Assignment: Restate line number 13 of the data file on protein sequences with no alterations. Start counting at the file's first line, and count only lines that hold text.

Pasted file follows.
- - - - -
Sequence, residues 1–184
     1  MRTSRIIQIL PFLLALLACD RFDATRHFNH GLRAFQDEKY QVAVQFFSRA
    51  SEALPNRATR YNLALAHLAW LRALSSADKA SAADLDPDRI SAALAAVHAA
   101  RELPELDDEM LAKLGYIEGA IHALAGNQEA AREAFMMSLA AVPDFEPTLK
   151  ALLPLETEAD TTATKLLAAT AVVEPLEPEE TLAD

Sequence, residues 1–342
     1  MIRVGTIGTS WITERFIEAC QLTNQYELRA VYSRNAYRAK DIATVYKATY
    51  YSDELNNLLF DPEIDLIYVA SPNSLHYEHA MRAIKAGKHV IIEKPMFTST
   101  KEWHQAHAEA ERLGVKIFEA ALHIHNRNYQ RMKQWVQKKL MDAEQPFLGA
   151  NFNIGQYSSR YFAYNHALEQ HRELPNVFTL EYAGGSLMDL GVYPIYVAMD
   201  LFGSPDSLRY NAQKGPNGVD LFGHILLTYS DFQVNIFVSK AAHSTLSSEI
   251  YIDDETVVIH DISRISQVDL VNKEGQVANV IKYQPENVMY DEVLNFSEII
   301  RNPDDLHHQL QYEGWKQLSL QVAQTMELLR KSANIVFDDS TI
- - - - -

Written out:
   301  RNPDDLHHQL QYEGWKQLSL QVAQTMELLR KSANIVFDDS TI